When you take a distribution from a tax-deferred retirement account, the distribution will be taxed at your marginal tax rate. However, if the distribution is from an Individual Retirement Account (IRA) and is sent directly to a 501(c)(3) organization, it qualifies as a QCD and becomes tax-free.

For example, Elliott has a required minimum distribution from her IRA of $3,000. Her tax rate is 20% federal and 5% state. Elliott plans to donate $3,000 to a 501(c)(3) organization this year. If Elliott takes the $3,000 distribution and pays the tax, she’ll receive $2,250 from her IRA. When she makes her $3,000 donation, she will be $750 short.

However, Elliott has a wise financial advisor who tells her about the QCD. So, she sends her $3,000 IRA distribution directly to the charity, and Elliott doesn’t pay tax on the distribution at all. Elliott’s required minimum distribution is satisfied for the year, she donates the desired $3,000 to charity, and her wise financial advisor saved her $750 in taxes.

Every year, we educate financial and tax professionals regarding the QCD and how to report it on the form 1040. Too often, we see it reported incorrectly. If you make a QCD and do not report it accurately, you won’t receive the benefit. If Elliott or her CPA doesn’t understand how to report her $3,000 QCD, she’ll pay an extra $750 to the IRS, and the QCD won’t save her anything.

On tax form 1040, line 4a asks for “IRA distributions,” and line 4b asks for the “taxable amount” as shown below.

Elliott took a $3,000 distribution from her IRA and will write $3,000 on line 4a. She will then subtract her QCD amount from 4a and write the balance on line 4b. In Elliott’s case, she will write $0 on line 4b, and no tax will be due from her IRA distribution. A tax penny saved is a tax-free penny earned.

Please help us get the word out regarding the Qualified Charitable Distribution. If you, your CPA, or your friends have questions about QCDs or other tax-saving strategies, please contact us. Tax planning is our specialty, and tax avoidance is the goal.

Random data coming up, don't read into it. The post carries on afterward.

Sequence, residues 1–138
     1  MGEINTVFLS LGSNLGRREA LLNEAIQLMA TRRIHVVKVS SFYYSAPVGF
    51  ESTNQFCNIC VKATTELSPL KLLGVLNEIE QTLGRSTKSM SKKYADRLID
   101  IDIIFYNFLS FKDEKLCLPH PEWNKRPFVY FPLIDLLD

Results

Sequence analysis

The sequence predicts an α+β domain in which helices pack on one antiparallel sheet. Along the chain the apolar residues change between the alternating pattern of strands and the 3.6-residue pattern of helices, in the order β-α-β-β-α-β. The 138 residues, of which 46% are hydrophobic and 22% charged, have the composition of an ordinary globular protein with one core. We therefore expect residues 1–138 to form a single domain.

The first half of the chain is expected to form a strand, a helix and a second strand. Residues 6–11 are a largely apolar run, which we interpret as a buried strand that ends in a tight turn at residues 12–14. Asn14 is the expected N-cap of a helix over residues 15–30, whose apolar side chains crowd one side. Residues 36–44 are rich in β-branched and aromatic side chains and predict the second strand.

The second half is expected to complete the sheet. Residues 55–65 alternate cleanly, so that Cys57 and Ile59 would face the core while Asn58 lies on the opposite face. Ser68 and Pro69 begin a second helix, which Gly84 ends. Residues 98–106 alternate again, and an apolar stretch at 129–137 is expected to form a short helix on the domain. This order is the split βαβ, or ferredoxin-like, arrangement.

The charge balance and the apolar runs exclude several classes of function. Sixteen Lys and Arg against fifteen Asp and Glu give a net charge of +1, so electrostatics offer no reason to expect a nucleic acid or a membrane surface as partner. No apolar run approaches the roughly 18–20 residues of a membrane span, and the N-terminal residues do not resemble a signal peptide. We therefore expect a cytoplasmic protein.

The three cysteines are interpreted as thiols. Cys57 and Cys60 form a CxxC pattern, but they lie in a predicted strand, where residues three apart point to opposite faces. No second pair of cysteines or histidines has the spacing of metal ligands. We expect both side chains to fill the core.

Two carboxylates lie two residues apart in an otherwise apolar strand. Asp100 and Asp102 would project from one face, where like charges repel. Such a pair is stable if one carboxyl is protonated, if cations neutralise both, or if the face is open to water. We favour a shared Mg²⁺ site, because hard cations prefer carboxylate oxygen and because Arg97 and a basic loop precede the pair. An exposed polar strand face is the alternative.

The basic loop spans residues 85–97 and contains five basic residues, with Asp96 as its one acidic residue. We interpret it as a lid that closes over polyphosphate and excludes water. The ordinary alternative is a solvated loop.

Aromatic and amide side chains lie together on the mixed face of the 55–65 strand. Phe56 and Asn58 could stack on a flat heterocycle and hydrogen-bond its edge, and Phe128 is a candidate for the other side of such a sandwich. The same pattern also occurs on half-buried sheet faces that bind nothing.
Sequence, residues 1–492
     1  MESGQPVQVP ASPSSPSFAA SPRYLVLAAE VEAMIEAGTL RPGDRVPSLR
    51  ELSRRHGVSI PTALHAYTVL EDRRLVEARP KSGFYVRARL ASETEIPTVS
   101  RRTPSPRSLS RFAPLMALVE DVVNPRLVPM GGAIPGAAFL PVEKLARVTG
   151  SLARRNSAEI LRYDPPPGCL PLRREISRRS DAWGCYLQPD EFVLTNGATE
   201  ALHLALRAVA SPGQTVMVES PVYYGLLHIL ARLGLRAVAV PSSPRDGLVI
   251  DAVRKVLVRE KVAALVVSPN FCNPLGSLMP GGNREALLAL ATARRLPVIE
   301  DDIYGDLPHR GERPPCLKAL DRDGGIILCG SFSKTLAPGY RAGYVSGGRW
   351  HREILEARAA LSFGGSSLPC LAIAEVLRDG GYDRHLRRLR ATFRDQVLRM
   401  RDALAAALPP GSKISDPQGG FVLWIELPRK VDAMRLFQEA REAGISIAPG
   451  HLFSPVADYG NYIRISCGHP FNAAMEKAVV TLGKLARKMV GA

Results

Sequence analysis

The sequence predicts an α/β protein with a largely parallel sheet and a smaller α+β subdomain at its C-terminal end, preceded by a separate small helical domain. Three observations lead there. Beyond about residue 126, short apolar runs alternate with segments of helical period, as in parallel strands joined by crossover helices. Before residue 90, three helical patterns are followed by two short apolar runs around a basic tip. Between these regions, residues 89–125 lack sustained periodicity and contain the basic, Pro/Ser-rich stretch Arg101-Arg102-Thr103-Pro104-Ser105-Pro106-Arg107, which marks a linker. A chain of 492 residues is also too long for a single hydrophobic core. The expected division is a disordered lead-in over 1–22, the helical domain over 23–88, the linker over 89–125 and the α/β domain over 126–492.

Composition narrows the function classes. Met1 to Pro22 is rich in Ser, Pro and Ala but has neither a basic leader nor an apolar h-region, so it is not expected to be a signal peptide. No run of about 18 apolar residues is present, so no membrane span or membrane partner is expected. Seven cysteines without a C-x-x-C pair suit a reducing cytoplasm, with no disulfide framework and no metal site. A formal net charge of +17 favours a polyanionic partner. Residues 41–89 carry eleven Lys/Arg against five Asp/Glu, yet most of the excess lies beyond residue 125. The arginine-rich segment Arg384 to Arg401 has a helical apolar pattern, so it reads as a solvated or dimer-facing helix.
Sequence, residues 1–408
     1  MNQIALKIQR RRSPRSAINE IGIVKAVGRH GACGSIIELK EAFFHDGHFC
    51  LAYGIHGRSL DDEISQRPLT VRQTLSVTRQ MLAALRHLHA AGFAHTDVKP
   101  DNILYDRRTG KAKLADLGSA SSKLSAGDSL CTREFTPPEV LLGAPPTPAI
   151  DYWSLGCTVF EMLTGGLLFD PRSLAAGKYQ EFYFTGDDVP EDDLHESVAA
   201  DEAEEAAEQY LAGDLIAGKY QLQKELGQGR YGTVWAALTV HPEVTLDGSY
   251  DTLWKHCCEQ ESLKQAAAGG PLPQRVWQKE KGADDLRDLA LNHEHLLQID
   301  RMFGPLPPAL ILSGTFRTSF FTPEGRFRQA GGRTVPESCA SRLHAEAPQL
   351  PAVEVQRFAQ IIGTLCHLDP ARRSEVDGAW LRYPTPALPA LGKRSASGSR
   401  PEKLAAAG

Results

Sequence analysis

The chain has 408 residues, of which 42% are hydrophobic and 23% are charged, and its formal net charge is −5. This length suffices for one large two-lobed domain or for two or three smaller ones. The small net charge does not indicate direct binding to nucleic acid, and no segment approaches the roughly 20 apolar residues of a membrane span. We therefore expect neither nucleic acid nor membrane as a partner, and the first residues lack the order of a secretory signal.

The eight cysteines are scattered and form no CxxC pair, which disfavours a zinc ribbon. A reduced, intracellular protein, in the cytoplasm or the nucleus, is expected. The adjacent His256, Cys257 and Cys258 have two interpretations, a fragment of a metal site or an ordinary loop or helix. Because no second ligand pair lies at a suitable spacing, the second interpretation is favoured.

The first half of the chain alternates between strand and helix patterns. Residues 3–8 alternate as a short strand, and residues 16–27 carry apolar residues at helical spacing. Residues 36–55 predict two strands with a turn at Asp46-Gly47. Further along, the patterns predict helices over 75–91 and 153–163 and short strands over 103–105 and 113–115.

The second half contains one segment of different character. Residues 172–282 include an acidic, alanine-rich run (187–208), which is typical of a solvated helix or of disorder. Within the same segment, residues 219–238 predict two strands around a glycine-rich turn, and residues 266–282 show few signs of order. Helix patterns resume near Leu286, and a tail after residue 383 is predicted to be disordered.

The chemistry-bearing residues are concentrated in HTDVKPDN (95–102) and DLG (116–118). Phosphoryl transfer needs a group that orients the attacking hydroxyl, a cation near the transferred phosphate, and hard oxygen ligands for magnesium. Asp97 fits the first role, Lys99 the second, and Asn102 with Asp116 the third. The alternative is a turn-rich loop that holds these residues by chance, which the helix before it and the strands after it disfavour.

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Complacency through Success, Be Warned!

By | 2016, Executive Message, Money Moxie, Newsletter | No Comments

Dear Valued Financial Partners and Friends,

Managing your retirement dollars is truly a two-stage process. During your accumulation phase—in your younger years—your saving and investing process is pretty much on automatic. You sign up for your employer’s 401(k) plan by marking a few boxes and signing a few forms. You basically set it and forget it. Right or wrong, your 401(k) is on autopilot without you making many adjustments.

The accumulation process can be dangerously deceptive. The years of automatic saving and investing could set you up mentally and emotionally for something we affectionately call the “Complacency through Success Syndrome,” exactly at the wrong time.

At retirement, complacency through your savings success may lull you to sleep. Like many people, you may suffer from financial hypothermia. At retirement you have to wake up from your successful accumulation days and become actively involved. Specifically, you have to take your retirement funds off autopilot and switch to being proactively involved in making multiple and intertwined financial decisions. For many people this is very uncomfortable and not easy. It is fraught with so many moving parts and numerous and dangerous landmines and booby-traps. And, you don’t get a do over!

For you, your retirement distribution phase doesn’t have to be ominous and painful. Because helping you succeed financially is what we do. And we’ve done this for 34 years. Believe it or not, protecting clients from themselves in making unwise and imprudent financial decisions is one of the most important things we do!